women

Getting Pregnant (part 1) : Ovulation Monitors and Other Tests, Your Partner’s Health and Fertility

- 9 Bad Habits That Can Cause Miscarriage
- How to have natural miscarriage
- Foods That Cause Miscarriage
- Signs Proving You Have Boy Pregnancy

1. Ovulation Monitors and Other Tests

You may be advised to use a test to predict when ovulation occurs. Many are available. Ovulation test sticks and test strips detect a surge in luteinizing hormone (LH). So do other tests that test urine from the beginning of your cycle.

Most tests can be done at home and are easy to use. All the tests work well if you have a fairly regular menstrual cycle. But you need to be consistent in your testing.

If your menstrual cycle is not regular, consider using a daily ovulation test. It provides testing for 20 days every month to help ensure you don’t miss a surge in luteinizing hormone.

Your best chance of getting pregnant is actually the day before a surge in LH. The second best day is the day of the surge, and the third best day is the day after the surge.

Types of Tests

Today we’re lucky to have many tests available to predict when ovulation occurs to help a woman conceive. Below is a discussion of some ovulation-predictor tests available.

• The First Response Easy-Read Ovulation Test may help you learn the most fertile time during your cycle. You use it for 7 days, during the time you believe you’re ovulating, and it shows the day you are most fertile.

• The Clear-Plan Easy Fertility Monitor helps you track where you are in your menstrual cycle. All you have to do is press a button at the start of a new menstrual period to begin tracking your cycle. For 10 days during the cycle, you use a urine sample to test hormone levels. The monitor judges where you are in your fertility cycle.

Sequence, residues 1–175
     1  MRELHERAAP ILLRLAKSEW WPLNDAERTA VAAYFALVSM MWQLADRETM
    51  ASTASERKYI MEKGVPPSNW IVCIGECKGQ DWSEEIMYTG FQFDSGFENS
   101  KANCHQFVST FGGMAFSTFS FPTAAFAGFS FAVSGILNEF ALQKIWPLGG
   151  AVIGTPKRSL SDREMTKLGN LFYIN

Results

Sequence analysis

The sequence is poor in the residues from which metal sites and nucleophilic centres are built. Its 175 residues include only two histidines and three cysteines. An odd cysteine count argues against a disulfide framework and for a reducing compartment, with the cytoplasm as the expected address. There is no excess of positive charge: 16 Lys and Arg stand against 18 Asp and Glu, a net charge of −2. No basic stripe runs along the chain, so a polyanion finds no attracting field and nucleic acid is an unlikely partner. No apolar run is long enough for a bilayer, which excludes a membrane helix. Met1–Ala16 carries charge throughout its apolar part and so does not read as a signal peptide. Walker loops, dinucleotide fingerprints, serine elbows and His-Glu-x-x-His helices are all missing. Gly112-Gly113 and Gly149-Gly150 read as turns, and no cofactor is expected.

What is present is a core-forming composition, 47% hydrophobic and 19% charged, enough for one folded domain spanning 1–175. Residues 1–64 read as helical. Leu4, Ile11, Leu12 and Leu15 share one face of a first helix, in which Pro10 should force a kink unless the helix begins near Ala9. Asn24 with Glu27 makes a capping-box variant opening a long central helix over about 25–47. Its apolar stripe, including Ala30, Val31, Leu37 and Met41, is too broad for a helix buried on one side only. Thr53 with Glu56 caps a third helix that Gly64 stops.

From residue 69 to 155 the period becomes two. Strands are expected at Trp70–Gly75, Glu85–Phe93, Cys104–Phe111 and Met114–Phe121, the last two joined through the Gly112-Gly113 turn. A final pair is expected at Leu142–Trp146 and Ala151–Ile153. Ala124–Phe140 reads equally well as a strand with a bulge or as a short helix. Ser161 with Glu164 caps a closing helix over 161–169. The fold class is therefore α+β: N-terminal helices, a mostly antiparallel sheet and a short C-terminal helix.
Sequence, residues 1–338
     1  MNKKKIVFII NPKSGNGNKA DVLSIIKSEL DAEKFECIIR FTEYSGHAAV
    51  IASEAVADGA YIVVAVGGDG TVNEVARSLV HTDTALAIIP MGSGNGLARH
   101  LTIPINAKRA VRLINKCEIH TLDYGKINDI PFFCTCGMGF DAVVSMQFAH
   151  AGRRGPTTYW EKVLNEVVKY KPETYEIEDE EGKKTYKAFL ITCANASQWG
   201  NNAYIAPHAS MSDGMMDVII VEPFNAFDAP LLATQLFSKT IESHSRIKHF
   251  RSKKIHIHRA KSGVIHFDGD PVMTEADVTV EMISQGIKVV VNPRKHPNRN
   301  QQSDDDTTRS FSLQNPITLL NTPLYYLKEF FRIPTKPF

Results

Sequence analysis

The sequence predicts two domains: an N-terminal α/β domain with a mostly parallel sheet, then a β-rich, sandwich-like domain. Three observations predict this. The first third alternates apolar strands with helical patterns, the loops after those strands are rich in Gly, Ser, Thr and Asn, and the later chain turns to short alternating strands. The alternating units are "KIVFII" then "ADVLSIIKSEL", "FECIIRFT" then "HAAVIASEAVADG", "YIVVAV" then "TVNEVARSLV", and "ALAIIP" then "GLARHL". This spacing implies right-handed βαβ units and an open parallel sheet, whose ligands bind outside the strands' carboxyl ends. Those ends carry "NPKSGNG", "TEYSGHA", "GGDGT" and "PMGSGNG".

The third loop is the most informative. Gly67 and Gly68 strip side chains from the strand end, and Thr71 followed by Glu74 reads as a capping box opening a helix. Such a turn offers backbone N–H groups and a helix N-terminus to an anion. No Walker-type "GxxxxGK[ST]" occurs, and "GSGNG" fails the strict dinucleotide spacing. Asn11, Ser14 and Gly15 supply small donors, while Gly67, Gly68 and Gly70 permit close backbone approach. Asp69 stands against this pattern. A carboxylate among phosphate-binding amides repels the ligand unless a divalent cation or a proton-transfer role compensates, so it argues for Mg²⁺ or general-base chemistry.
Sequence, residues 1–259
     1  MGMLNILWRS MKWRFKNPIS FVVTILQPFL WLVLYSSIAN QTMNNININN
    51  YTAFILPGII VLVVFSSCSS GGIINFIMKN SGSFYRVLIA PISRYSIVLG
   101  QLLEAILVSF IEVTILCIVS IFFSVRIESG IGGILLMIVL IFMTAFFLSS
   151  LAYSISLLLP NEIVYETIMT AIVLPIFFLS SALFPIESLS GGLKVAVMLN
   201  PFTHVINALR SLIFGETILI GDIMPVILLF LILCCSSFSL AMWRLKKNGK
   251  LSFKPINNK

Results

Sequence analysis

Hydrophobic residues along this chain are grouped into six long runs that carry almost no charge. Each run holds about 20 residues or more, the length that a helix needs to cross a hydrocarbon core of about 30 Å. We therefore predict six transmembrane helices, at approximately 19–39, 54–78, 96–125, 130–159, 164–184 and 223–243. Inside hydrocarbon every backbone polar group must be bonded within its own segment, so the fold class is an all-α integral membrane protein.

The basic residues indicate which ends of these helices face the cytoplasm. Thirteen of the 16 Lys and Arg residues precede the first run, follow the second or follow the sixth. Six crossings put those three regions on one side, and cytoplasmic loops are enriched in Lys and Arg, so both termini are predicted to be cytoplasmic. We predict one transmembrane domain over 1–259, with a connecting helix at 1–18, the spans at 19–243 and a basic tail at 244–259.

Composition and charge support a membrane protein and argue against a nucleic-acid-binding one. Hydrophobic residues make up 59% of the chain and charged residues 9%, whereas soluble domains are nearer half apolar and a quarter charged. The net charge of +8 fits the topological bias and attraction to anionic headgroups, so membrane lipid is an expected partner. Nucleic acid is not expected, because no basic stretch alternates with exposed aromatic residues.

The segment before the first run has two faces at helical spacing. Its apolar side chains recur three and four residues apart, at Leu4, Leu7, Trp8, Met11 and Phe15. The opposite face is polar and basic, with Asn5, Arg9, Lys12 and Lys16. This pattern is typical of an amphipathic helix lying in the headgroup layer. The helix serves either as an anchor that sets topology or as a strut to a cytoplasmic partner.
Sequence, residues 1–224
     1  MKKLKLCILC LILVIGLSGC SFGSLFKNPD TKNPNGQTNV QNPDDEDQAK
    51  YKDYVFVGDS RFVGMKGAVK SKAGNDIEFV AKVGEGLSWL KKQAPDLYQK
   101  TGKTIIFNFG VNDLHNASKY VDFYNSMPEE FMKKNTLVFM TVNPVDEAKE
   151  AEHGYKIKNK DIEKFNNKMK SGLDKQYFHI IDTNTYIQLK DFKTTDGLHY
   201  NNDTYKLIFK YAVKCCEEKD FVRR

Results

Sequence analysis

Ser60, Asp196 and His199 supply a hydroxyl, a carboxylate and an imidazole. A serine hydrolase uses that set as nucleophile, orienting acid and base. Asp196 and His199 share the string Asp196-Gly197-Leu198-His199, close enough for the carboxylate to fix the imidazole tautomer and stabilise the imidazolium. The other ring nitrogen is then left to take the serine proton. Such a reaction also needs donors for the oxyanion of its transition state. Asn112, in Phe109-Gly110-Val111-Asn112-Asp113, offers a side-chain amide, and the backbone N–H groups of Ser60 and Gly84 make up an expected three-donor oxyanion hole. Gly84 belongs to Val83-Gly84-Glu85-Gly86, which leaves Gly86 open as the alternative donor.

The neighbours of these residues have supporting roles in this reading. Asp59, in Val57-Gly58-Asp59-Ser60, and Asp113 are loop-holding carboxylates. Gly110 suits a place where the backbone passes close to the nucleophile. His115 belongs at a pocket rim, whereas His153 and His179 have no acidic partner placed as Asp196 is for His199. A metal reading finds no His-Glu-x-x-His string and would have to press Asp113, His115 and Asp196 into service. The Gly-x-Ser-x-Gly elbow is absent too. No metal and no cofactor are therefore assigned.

• The Donna Saliva Ovulation Tester uses your saliva to predict ovulation. In the 1940s, researchers found the salt content of a woman’s saliva is the same as the woman’s cervical fluid when she ovulates. Using this information, a test was developed to help predict ovulation. Saliva is placed on the microscope lens, and the crystallized pattern is examined after it dries. When a woman is not ovulating, random dots appear; however, 1 to 3 days before ovulation, short hairlike structures can be seen. On the day of ovulation, a fernlike pattern appears which makes it easy to distinguish from the other patterns.

OV-Watch is a device you wear on your wrist, like a wrist watch, to help you find out when you’re most fertile. The device measures the concentration of chloride on your skin—chloride can be an indicator of increased fertility. When you read the OV-Watch, it tells you whether you are fertile (preovulation), ovulating, less fertile (after ovulation) or not fertile. It is lightweight and worn at night. When you wake up in the morning, you read the results. If you’re interested, ask your healthcare provider about it.

• The TCI Ovulation Tester measures the level of estrogen throughout your cycle by using a sample of your saliva. Some saliva is placed on a slide, and when it’s dry, you examine it with a small lens or eye piece. When your saliva has a fernlike appearance, you’re fertile.

• The Ovulite microscope is similar to the TCI test; however, it allows for unlimited testing of your saliva. You sample your saliva daily, and when you see a change, you know you’re ovulating.